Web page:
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A waitress wears a face mask while serving at Langer's Delicatessen-Restaurant in Los Angeles on June 15.

A waitress wears a face mask while serving at Langer’s Delicatessen-Restaurant in Los Angeles on June 15.

FREDERIC J. BROWN/AFP via Getty Images

A waitress wears a face mask while serving at Langer's Delicatessen-Restaurant in Los Angeles on June 15.

A waitress wears a face mask while serving at Langer’s Delicatessen-Restaurant in Los Angeles on June 15.

FREDERIC J. BROWN/AFP via Getty Images

The arguments for and against eliminating the ‘subminimum wage’ for tipped workers in Illinois

In October Chicago became the largest U.S. city to outlaw a lower minimum wage for tipped workers. Now Illinois may follow suit.

A waitress wears a face mask while serving at Langer’s Delicatessen-Restaurant in Los Angeles on June 15.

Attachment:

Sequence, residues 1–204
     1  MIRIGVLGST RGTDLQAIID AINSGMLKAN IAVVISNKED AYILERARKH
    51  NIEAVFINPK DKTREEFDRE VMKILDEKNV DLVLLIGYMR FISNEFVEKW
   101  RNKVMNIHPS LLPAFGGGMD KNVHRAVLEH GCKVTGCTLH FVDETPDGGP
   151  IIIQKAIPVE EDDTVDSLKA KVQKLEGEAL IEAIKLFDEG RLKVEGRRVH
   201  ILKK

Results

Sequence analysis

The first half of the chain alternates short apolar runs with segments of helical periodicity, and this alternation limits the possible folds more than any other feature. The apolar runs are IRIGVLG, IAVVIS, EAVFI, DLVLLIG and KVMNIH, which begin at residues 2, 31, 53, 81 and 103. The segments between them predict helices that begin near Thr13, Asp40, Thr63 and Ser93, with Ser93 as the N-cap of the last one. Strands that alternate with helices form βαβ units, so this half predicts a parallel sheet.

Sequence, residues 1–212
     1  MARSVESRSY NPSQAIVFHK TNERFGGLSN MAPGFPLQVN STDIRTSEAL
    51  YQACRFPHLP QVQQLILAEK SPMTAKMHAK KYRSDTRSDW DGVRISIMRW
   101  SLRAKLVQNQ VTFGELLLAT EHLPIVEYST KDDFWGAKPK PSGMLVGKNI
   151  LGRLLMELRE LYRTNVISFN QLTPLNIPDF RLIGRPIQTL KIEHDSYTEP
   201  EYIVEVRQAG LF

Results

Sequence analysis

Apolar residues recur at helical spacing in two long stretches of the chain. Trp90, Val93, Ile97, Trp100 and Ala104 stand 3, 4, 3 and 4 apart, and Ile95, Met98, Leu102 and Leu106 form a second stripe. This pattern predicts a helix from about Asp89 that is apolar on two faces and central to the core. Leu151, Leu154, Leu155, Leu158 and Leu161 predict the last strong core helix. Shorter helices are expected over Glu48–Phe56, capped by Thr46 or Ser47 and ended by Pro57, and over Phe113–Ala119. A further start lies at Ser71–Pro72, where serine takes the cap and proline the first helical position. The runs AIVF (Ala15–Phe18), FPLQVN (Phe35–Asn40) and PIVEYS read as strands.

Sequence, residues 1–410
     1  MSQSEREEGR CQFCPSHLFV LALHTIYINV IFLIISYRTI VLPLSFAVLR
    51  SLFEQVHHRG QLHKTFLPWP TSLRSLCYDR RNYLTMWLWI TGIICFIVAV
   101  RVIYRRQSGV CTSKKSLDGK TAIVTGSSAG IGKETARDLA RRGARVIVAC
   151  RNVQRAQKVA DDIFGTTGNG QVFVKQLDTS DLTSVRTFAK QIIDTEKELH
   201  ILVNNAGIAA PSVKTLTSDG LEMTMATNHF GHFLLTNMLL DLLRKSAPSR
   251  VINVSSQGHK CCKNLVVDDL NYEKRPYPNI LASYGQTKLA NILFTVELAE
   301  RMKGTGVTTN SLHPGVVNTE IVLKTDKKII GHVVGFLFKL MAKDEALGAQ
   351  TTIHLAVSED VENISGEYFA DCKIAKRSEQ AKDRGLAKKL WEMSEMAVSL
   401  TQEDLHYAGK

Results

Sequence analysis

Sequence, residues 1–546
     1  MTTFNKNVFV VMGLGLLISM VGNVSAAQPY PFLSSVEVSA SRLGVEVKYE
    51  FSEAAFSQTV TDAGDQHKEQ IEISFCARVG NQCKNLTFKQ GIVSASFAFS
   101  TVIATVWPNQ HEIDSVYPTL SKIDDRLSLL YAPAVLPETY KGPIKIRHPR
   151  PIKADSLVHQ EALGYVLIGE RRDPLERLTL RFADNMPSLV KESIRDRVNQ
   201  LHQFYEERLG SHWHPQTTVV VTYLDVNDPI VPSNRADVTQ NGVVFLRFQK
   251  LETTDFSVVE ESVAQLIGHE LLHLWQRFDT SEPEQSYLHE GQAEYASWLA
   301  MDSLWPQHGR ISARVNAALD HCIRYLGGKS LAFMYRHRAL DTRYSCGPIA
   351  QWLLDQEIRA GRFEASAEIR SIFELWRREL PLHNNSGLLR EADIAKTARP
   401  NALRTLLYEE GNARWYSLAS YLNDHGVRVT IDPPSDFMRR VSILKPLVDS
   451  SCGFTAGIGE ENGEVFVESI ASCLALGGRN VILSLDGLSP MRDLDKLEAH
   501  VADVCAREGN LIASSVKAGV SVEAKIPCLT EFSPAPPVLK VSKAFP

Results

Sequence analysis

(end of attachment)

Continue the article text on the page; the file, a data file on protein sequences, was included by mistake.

FREDERIC J. BROWN/AFP via Getty Images

   

Democratic lawmakers in Springfield have introduced legislation that would get rid of the lower minimum wage for the state’s tipped workers, something advocates for higher pay call the “subminimum wage.”

So, how likely is it that the proposal becomes law? And what could it mean for restaurant owners, workers and diners?

Reset learns about the legislation being considered in Springfield and hears from an opponent and a proponent.

GUESTS: Audra Wilson, president and CEO, Shriver Center on Poverty Law

Mario Ponce, owner of Takito Brands restaurants

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